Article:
2021-02-24 18:51:21 | School days ‘will not be longer’ says Gavin Williamson

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Story by: Chris Price The Telegraph

The Education Secretary has ruled out lengthening school days and promised not to be “timid in terms of our aspirations” when getting children to catch up on the schooling they have missed. At a Downing Street press conference, Gavin Williamson also confirmed there will be “no algorithms whatsoever” in this summer’s exam results, adding it will be “firmly in the hands of teachers”. Mr Williamson also said:

However, there was a warning for grandparents from Dr Jenny Harries, England’s chief deputy medical officer. She urged pupils “not to go hugging them too much”, even if they have been tested at school until the impact of the vaccine rollout is fully understood. It is worth reading this from Telegraph readers debating face masks in schools.

Meanwhile, at least 150,000 more people with learning disabilities will be prioritised for a Covid vaccine, officials have announced following a campaign by Jo Whiley. The BBC DJ said it was a “seismic day” after the Joint Committee on Vaccination and Immunisation recommended that all patients on the GP Learning Disability Register should be called forward, after conceding limitations in the GP system. Details here.

Woods was ‘agitated’ ahead of car crash, says witness

Tiger Woods almost hit another car and was “agitated and impatient” before his near-fatal crash in the outskirts of LA, according to a witness. Oliver Konteh, a fellow guest at the five-star resort where Woods was staying, said he saw the golfing legend in the carpark at 7am, shortly before he was meant to be at the Rolling Hill Country Club. Mr Konteh, part of a film crew at the resort, claims Woods grew frustrated as he waited for a vehicle blocking his exit to unload luggage, according to American news site TMZ. Read on for details and here is everything we know about the crash and the 15-time major winner’s recovery.

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In pictures: How lockdown emptied the world

It’s hard to fathom that, just over a year ago, we would stand elbow-to-elbow with our fellow humans, without a second thought as to whether they might infect us with a highly contagious disease called Covid-19. Every February, revellers would take to the streets in Venice, wearing masks for fun, rather than to prevent infection. In spring, thousands of marathon runners would trample the streets in London, while on Easter Sundays the Pope would address the masses in St Peter’s Square. In this series of photographs, Greg Dickinson look at how, over 12 months, the pandemic has transformed some of the world’s busiest sights.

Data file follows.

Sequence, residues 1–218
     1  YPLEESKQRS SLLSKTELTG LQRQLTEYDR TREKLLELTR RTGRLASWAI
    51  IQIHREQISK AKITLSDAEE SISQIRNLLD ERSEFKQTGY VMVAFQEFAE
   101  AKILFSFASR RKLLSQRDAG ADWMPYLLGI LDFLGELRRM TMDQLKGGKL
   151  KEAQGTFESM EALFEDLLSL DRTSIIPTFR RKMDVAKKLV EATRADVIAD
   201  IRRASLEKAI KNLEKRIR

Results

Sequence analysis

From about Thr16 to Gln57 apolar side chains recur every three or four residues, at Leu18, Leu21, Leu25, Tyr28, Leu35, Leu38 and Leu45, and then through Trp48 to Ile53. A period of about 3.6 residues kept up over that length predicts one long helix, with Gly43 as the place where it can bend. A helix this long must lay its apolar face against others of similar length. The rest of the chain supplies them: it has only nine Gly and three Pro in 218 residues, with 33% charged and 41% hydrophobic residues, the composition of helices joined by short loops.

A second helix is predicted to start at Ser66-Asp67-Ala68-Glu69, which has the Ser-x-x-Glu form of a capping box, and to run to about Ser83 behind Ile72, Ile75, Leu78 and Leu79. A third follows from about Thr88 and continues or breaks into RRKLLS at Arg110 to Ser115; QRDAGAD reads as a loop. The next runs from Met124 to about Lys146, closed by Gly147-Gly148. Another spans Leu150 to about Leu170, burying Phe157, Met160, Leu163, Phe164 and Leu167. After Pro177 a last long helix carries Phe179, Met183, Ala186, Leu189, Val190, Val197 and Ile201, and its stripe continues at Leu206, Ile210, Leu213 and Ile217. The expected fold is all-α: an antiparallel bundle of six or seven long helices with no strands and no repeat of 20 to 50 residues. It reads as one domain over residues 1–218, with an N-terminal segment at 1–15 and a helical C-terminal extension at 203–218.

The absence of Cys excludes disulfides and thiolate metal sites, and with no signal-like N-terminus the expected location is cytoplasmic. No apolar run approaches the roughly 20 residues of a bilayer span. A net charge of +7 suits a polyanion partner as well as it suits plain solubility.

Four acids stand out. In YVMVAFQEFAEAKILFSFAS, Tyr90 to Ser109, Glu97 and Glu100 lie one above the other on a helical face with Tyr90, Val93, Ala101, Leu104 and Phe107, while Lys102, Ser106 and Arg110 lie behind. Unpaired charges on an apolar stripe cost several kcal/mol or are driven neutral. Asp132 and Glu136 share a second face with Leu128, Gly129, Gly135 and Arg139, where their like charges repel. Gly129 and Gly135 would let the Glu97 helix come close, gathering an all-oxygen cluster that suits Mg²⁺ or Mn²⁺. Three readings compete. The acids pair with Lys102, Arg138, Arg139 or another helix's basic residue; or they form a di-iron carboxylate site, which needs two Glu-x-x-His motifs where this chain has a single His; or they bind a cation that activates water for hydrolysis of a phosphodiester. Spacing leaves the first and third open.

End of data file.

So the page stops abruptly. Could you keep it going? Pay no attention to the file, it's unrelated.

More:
At a glance: More coronavirus headlines

Also in the news: Today’s other headlines

SNP civil war | Alex Salmond has been invited to give evidence on Friday to the Holyrood inquiry into the Scottish Government’s botched investigation of him. Nicola Sturgeon has insisted it is “downright wrong” to suggest the Crown Office’s intervention in the redaction of Mr Salmond’s evidence to the inquiry was politically influenced. Tom Harris analyses how Scottish voters may yet punish Mrs Sturgeon for her handling of the affair and Adam Tompkins sets out why Holyrood caving in to the Crown Office over the evidence is an historic mistake.

Around the world: Myanmar protests turn on China

The chorus of banging pots and pans begins in Chinatown at about 8pm. The district in Myanmar’s commercial city of Yangon is normally festooned with bright red lanterns to celebrate Chinese New Year. But when the Year of the Ox arrived in mid-February, the usual festive atmosphere was gone – replaced by tension. Read how swelling ranks of young ethnic Chinese protesters are joining mass rallies against the brutal junta that abruptly deposed Aung San Suu Kyi’s government.

See also  2021-02-07 19:43:28 | Vaccine strategy needs rethink after resistant variants emerge, say scientists | Vaccines and immunisation

Wednesday big-read

Is the electric vehicle bubble starting to burst?

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Source References: The Telegraph

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